Zoom Calls May Be Less Effective Than Phone Calls, According to Study
Zoom calls have really taken off in the professional world during the pandemic. Various workplaces, schools, and more have relied on the cloud meeting app to... waste time, apparently.
We'll admit, we come from a place of—let's call it—phone anxiety. But, a new study has confirmed our suspicions: Zoom calls aren't that effective. The study, released by Carnegie Mellon University, has shown that non-visual communication methods beat videoconferencing by a mile. Specifically, it's tech that mimics face-to-face interactions that's to blame.
Researchers studied 198 participants by dividing them into pairs. The pairs were then assigned a total of six tasks to test intellect. Half of the group completed tasks using audio only, while the rest had both video and audio in use.
The study gets very scientific but it found that the pairs that had video access "dampened the pairs' ability to achieve equality in speaking turns." The video feature essentially impeded communication as the usual social cues we pick up from face-to-face communication didn't translate on camera. These cues include eye contact, facial expressions, and more. Groups that only used audio, however, were able to communicate interaction rules better by using vocal cues such as altering volume and rate.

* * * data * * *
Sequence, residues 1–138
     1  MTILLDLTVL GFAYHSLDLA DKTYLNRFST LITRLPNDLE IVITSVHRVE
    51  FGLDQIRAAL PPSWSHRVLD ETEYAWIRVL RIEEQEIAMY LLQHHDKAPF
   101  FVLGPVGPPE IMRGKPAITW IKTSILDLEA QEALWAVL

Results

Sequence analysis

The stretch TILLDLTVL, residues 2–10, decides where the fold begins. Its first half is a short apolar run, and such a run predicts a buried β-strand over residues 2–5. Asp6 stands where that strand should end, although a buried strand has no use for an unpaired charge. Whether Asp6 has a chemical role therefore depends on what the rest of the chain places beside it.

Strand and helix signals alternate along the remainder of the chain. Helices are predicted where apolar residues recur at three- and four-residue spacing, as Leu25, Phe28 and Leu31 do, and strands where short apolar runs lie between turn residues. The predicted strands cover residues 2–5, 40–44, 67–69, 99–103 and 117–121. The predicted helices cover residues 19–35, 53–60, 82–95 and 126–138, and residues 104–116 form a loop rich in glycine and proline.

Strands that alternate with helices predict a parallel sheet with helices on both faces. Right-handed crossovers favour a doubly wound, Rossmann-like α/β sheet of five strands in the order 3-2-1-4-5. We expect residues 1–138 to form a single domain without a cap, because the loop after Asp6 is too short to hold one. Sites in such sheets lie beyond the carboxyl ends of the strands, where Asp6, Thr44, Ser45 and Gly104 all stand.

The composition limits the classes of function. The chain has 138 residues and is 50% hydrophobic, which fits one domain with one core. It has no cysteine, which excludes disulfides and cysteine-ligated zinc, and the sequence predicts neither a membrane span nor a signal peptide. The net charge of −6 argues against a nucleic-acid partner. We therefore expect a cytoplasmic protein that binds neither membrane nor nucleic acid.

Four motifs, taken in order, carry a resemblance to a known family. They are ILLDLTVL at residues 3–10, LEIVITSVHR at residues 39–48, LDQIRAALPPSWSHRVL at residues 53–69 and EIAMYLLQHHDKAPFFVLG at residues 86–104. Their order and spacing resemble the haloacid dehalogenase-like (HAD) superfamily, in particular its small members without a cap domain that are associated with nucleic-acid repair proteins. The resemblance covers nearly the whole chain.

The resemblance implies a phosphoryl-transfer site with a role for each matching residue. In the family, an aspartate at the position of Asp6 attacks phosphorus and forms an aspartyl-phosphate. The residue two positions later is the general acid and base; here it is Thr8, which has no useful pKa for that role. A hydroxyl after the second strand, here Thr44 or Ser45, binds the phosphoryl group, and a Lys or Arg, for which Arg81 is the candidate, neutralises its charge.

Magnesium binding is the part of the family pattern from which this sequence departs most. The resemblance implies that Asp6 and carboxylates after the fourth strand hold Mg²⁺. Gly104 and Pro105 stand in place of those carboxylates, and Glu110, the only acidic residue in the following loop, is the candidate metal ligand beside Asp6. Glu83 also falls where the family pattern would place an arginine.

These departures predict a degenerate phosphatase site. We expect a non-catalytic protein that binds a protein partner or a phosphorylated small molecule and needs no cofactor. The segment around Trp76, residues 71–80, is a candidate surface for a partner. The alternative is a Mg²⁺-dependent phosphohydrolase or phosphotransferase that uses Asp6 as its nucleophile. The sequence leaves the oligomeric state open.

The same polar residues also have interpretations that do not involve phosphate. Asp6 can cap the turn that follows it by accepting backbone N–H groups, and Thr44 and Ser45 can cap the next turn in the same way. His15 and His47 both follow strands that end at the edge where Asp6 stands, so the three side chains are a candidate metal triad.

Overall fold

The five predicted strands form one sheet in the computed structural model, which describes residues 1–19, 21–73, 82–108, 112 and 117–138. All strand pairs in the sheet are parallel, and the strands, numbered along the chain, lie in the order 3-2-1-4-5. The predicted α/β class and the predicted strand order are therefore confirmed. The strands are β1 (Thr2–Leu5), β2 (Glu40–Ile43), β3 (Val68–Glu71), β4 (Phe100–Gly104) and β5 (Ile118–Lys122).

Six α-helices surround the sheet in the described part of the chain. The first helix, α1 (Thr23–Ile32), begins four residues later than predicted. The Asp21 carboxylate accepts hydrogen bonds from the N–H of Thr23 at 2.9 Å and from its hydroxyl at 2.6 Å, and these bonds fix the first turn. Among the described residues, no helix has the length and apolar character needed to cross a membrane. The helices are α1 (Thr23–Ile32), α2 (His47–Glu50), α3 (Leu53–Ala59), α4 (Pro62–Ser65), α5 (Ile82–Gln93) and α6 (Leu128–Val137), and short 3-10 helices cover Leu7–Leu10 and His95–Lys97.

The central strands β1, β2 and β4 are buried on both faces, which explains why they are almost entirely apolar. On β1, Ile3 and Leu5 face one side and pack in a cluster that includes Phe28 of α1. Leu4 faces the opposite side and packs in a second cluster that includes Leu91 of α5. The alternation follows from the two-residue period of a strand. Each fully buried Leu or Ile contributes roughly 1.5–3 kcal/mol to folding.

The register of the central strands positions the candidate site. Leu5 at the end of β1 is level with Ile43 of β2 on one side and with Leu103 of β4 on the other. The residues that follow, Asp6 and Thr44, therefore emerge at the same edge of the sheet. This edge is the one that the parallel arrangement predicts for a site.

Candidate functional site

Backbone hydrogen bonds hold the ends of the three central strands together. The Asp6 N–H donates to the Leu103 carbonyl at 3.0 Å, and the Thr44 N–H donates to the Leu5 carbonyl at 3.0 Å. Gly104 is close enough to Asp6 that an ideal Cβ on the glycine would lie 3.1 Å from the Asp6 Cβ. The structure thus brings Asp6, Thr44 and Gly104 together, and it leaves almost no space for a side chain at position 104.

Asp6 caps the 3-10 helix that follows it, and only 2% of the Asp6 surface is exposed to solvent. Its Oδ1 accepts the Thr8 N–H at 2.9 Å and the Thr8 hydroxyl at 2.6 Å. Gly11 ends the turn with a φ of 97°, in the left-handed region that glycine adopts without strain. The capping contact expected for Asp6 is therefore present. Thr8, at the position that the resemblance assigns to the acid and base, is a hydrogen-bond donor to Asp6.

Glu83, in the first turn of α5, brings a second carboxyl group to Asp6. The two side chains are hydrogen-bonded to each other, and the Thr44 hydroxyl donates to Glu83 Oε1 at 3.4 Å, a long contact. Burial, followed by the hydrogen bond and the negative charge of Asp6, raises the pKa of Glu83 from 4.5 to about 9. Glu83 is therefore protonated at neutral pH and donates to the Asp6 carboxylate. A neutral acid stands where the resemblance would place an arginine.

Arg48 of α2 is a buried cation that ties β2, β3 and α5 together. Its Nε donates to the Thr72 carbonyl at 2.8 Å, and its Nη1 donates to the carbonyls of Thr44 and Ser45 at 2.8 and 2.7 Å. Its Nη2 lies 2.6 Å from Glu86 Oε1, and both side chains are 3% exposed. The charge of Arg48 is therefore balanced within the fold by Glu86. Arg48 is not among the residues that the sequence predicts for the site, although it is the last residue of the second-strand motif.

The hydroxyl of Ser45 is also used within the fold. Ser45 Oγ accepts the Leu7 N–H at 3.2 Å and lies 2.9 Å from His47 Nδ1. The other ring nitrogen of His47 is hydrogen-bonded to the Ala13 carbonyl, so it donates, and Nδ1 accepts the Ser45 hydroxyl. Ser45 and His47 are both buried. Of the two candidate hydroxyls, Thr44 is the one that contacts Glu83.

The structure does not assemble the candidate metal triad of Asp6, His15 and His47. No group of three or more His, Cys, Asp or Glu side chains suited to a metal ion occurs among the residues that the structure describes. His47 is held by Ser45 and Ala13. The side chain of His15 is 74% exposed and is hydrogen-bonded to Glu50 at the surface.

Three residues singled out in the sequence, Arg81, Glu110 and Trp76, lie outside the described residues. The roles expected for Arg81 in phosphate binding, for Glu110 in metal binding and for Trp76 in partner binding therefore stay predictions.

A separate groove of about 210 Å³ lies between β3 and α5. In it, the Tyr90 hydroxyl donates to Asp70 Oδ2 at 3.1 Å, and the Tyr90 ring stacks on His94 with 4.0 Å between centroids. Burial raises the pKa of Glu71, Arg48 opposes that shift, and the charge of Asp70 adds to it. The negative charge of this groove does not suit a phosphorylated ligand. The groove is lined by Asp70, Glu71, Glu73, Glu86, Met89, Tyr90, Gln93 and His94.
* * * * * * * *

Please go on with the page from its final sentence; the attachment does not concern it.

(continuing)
"We found that video conferencing can actually reduce collective intelligence," said Anita Williams Woolley, co-author and associate professor of organizational behavior and theory at Carnegie Mellon. "This is because it leads to more unequal contribution to conversation and disrupts vocal synchrony."
Here's an idea: how about we get rid of calls altogether? OK, we're kidding. (No, we're not.)